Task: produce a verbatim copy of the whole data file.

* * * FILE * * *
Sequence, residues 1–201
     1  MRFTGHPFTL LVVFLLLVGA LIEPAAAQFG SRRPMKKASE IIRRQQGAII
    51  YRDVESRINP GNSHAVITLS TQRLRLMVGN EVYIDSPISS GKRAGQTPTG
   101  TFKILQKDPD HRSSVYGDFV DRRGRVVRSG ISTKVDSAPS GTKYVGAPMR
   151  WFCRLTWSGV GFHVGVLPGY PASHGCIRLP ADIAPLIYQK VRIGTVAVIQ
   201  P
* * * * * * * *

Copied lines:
Sequence, residues 1–201
     1  MRFTGHPFTL LVVFLLLVGA LIEPAAAQFG SRRPMKKASE IIRRQQGAII
    51  YRDVESRINP GNSHAVITLS TQRLRLMVGN EVYIDSPISS GKRAGQTPTG
   101  TFKILQKDPD HRSSVYGDFV DRRGRVVRSG ISTKVDSAPS GTKYVGAPMR
   151  WFCRLTWSGV GFHVGVLPGY PASHGCIRLP ADIAPLIYQK VRIGTVAVIQ
   201  P